img_2228.jpg
 

And so we played Just(ine) Dance before heading out to ride the carousel and see butterflies (of course). He fell pretty hard at lunch, scaring me half to death before being completely cured by a few cuddles. We played games. Many, many games; three rounds of Candyland, half a round of Sorry! and three rounds of Memory to be exact.

"Oh yea, oh yea!" He says doing a wiggle victory dance as he literally scores 7 matches beating me in the game of Memory.

We finish our day looking at pictures and videos from the day while we wait for his brothers to get off the bus. As they run up Lane hands me his turkey art and Noah is asking to go to a friend's house.

 
20151120_175425.jpg
 

"Nope, we're going to play together today, your dad will be home soon." I say with the most motherly sternness I attempt to channel from Sam.

After a bit of moaning we settle on playing Battleship in teams...and we laugh.

And I feel myself fill up with the gift of childfull living.

~~~

She walks in with the look of yearning any child on the cusp of getting a gift they've been excited about would have. She hands me her handwritten thank you card, "Thank you Justiene for the costumes."

And she immediately, follows up with the question, "Can we try them on now?"

I kneel down on her level and promise her, "We're going to eat Thanksgiving lunch first and then we'll get out all the costumes and you both can do a fashion show for us. For now, how about you go downstairs and play?"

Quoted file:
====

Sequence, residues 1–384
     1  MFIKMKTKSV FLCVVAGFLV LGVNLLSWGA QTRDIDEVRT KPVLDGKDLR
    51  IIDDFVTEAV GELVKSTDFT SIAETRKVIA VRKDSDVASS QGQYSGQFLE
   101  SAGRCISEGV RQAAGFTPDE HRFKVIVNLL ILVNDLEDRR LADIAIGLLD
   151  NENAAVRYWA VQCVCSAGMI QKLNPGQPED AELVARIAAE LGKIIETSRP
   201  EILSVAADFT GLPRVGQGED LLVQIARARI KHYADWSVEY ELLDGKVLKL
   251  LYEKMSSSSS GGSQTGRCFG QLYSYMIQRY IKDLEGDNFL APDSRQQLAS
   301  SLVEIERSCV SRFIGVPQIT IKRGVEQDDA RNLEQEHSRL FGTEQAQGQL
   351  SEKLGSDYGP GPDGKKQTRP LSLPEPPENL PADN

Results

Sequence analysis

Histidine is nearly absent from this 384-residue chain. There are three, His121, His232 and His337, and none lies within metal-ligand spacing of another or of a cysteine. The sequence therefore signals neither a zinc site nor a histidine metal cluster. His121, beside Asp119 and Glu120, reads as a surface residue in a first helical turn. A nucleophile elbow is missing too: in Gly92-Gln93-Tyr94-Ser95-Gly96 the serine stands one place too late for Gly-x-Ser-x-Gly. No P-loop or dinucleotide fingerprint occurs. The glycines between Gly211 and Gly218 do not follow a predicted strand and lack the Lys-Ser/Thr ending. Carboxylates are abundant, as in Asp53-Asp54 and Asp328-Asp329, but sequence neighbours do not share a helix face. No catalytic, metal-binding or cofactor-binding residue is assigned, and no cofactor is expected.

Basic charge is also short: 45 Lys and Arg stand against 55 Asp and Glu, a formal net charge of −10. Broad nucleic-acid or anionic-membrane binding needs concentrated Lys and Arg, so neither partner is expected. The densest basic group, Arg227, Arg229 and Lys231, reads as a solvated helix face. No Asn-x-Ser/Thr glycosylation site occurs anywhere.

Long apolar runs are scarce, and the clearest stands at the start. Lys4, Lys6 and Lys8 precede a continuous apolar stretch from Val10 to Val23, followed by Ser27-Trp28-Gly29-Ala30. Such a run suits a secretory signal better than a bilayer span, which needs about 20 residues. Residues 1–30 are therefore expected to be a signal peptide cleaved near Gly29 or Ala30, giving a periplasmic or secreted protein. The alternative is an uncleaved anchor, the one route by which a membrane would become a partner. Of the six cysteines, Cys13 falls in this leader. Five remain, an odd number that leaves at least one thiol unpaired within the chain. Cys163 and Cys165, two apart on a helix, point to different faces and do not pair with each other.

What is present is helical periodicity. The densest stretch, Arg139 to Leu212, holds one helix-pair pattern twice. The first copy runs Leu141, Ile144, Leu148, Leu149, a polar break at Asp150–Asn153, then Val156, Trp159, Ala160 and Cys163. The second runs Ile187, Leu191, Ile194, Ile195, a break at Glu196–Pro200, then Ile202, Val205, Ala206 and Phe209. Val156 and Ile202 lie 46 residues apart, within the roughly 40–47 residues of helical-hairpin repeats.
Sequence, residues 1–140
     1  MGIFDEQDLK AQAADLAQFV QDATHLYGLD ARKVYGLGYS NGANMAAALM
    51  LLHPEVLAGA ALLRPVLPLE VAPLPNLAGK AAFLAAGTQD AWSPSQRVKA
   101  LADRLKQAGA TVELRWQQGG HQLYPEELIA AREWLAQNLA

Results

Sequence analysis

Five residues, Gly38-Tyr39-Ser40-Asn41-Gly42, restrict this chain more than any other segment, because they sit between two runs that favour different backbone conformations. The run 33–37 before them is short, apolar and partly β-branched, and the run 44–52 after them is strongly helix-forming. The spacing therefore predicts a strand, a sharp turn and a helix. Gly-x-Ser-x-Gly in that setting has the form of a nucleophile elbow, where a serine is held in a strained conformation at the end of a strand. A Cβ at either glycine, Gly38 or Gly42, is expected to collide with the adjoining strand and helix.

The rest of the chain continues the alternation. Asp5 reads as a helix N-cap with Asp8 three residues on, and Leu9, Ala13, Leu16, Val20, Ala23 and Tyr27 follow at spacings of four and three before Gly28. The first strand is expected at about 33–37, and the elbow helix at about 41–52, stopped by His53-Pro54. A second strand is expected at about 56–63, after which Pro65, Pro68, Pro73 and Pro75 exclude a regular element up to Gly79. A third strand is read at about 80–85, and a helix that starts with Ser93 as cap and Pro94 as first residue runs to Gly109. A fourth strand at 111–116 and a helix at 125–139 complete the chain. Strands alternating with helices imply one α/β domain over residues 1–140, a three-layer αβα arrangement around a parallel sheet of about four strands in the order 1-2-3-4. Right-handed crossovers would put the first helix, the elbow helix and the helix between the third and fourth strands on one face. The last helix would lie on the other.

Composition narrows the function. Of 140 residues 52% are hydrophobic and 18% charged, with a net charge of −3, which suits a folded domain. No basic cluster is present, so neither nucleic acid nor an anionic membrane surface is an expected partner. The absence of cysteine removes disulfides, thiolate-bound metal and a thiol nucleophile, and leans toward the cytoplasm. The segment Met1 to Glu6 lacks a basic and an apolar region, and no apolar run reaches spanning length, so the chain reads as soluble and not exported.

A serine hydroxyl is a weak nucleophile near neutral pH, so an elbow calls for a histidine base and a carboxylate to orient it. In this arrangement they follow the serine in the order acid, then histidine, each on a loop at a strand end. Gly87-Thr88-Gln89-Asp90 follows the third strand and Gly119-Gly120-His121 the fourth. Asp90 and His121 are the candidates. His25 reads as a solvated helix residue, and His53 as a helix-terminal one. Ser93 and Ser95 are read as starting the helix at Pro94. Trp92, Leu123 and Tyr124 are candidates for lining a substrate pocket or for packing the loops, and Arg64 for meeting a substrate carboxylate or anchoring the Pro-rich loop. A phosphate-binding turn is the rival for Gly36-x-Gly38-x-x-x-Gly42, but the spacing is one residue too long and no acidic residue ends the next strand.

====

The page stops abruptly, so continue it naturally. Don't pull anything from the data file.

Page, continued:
With the true disappointment of crushed dreams, Hannah takes her sister Maya downstairs to play Just Dance.

It was their first Thanksgiving with us, as they were new, yet quick,  friends of ours from church. We don't have kids to enjoy the holidays with and my friend Izzy does not have her family here, so I asked them to Thanksgiving day with us when in reality I was basically asking them to become part of our chosen family.

After lunch, we all headed downstairs, my parents included, to go through the massive trunk of dance costumes from my childhood. Costumes ranging from when I started dance at age 4 to when dance was taken away by two back surgeries at age 13.

 
7475.jpeg
 

The memories flooded me in songs and steps as I pulled out each costume for Hannah and Maya to run to the bathroom to try on. They both would run/skip/saunter/dance out to show off how each costume looked on them.

 
img_2333.jpg
 

The steps Maya made up in the emerald green with gold beads and green feathers. The twirl Hannah spun with the red ballet skirt flowing out from her. The pure joy on everyone's face, especially theirs and most definitely mine.

And again, I fill up with the gift of childfull living.

~~~

One of the only ways I have thrived after failed infertility treatments is by making sure to have children in my life. Creating this childfull life means I am not left a shell of a mother, it means defining my own happy ending.

It is a true gift, this childfull life; a gift I must ask for, a gift I must receive and a gift that has not come without the cost of loss.

But a gift it is; a gift of grace.

 
20151126_150221-1.jpg
 

Still Mothers: Skipping With My Three

Most of our closest friends have three kids. Three!

Three seems to be the new 2.5 kids in our culture. We love those big families of five even if sometimes we look at each on our way to the childless quiet of our home and say to one another, “Man, three kids! The kids literally out number the adults. Do you think we would have gotten three?”